After fetching the money from the Land Rover, they leave.

I sit at the dining table and study my bounty: a thousand pounds in twenty pound notes, a mobile phone and charger, a notepad and pen and eight photos of two men wanted by Special Branch. Not a bad haul, but then life never deals straightforward, unambiguous positives and tonight is no exception.

One of the photos concerns me. It shows one of the men, his back to the camera, his head turned to look behind. He is wearing a t-shirt tucked into a pair of jeans. The jeans are Levi’s 501 Red Tab. The waistband Red Tab label is clearly visible, as is the red Levi material tag that is stitched to the left side of the right back pocket. My concern is simple; the Red Tab label is made from suede. Now, wouldn’t a man involved in the animal liberation movement, involved to terrorist level, be a vegan? Wouldn’t he be savvy enough to know a label on his jeans was an animal product and so point blank against all that he believes in? To my mind, he would. So why is he wearing the jeans? Maybe he’s undercover, posing as someone who couldn’t give a shit, but that would be stupid. A man who assumes he is being watched by the government undercover for his cause? Maybe he’s a double agent. Maybe this man was himself an agent of Special Branch and the photo shows him in Civvy Street. Maybe this man has nothing to do with the animal liberation movement and is instead wanted for something completely different.

I have been in the employ of Special Branch for less than fifteen minutes, and already I am becoming paranoid.

My day had nearly finished. All was calm and settled. My only pressing decision was one whisky or three. I could have said no. If all had seemed well and genuine, I would have, but it didn’t so I said, yes. I couldn’t resist. I will not walk away from a lie.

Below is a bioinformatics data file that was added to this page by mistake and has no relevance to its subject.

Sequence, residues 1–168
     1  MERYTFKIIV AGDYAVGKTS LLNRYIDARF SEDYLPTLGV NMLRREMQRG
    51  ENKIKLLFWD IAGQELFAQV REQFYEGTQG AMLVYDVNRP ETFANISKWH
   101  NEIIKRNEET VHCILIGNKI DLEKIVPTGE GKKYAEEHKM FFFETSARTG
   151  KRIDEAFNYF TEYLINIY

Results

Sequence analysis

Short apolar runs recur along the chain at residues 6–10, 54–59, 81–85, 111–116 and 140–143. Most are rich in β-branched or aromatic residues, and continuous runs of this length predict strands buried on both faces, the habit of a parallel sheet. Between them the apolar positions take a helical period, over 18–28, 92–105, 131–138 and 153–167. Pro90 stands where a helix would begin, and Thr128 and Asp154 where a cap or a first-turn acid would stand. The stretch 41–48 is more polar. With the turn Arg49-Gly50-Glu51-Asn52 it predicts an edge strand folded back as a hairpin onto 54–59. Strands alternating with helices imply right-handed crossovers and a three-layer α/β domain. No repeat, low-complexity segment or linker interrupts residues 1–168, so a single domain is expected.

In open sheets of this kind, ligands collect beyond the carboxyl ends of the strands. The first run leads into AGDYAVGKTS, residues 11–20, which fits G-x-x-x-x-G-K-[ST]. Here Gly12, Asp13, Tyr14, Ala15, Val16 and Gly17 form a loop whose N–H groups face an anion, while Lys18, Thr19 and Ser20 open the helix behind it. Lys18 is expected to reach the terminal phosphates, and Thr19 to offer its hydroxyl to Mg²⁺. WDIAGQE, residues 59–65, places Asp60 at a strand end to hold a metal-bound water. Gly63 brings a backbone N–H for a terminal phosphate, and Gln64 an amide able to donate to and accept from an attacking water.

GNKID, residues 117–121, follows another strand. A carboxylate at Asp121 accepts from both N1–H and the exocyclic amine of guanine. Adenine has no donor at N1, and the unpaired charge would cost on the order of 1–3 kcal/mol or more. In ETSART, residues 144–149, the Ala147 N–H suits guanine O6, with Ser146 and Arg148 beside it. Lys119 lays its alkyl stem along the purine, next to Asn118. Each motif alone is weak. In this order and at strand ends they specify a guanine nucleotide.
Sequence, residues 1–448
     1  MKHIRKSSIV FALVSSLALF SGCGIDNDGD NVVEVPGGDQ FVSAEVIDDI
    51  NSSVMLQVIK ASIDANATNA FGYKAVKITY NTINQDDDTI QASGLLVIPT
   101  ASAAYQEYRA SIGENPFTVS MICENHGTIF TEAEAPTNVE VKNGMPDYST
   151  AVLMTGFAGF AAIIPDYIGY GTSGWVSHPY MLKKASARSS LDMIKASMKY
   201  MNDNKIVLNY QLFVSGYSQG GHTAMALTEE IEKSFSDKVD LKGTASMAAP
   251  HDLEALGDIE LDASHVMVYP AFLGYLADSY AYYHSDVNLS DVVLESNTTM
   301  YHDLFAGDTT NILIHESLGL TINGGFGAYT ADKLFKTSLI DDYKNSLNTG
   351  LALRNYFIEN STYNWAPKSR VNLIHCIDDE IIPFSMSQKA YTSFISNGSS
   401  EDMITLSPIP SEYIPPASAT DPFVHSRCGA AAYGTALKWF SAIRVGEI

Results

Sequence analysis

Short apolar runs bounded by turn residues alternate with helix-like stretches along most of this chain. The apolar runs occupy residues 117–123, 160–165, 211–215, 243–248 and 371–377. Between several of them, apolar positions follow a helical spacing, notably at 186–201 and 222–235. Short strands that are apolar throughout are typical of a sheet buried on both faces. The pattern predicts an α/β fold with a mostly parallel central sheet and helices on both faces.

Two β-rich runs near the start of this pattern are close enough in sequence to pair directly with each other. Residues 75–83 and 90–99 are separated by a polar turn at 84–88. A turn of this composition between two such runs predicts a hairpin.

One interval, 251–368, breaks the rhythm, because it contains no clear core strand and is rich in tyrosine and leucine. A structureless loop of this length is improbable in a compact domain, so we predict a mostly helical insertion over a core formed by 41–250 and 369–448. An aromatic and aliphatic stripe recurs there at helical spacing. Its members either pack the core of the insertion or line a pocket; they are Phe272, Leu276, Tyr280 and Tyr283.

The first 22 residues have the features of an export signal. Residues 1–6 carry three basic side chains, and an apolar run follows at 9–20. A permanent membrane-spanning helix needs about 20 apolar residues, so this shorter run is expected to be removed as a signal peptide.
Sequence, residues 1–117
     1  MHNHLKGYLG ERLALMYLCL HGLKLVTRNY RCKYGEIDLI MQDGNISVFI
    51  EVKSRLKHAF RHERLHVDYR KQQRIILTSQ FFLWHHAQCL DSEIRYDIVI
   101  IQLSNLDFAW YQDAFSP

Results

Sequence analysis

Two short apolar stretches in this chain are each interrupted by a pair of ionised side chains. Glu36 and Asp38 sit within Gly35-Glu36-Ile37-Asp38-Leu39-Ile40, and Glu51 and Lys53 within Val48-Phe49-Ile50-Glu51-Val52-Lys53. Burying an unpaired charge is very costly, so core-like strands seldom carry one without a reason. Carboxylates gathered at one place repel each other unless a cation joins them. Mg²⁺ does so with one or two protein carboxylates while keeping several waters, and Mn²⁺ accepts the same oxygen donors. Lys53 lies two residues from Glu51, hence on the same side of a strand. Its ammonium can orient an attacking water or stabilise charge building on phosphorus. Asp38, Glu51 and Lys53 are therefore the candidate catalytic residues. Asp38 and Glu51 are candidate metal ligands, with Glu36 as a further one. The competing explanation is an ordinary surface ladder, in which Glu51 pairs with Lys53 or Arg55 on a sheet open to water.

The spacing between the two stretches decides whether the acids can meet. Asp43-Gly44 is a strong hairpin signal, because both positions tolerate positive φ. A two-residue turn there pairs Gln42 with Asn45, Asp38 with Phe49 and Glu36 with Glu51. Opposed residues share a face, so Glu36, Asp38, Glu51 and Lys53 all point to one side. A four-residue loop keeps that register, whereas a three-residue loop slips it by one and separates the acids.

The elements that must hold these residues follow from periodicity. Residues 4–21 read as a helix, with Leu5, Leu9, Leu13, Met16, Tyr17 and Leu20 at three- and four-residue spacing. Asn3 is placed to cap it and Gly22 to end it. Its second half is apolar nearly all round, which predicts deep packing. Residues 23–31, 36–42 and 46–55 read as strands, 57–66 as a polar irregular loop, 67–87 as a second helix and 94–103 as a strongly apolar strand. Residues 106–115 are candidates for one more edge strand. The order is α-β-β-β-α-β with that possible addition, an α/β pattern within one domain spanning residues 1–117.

Could someone be trying to mess with me, playing a practical joke? But then who would play it? No one I know, after all I know so few and those I do, would have more sense. Maybe I am over reacting. Maybe there is a true and valid reason why he’s wearing the jeans. After all, even people with serious, passionate causes can be stupid. The majority of people I’ve met who have held deep, unmovable beliefs have seemed pretty thick to me. If the human race has one true genius, it’s the ability to adapt, to think freely and to understand, at some level at least, that there is no one, singular, absolute truth.  Many a stupid man has been empowered by an ideology. It saves them from having to think for themselves and provides easy, ready made quotes and answers. It wraps them up all snug and warm in the collective acceptance of others.
Of course, this man may be a psychopath, and animal liberation an easy route to violence, murder and pain. I mean, how many psychopaths have used a political cause to satisfy their psycho desires? Two percent of the population is thought to be psychopathic. Now violence is always in the hands of the minority, but what minority, two percent? What percentage of Catholic men in Northern Ireland joined the IRA to kill and maim?
Animal liberation, my honest opinion, depends on my mood, depends on the image. See a monkey chained, his eyes silently screaming why, then gladly I’ll sign the petition, but such an image will quickly fade as I get back to my own survival.

The most interesting animal experiment I know of is this: two mice kept in large, separate cages. Both cages were full of twisting tunnels, and natural vegetation. One mouse was given all the food he could eat, and guess what, he got fat and lazy. When he wasn’t sleeping, he was sitting perfectly still, waiting for the time he could feast again. The other mouse was given hardly any food, certainly not enough to survive, and guess what, he stayed sharp and active, lean and healthy. He spent his day scurrying around the cage investigating, looking for food. He was happier, healthier and lived longer.
So if you can stay hungry whilst all around are feasting.

I could contact them, text them on the phone and demand an explanation, but why should I? I’m sure they could come up with a plausible explanation. What good would it do me? The only thing to do is to play along, to act out what I have agreed to do.

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Copyright © Richard Jenkins. All rights reserved.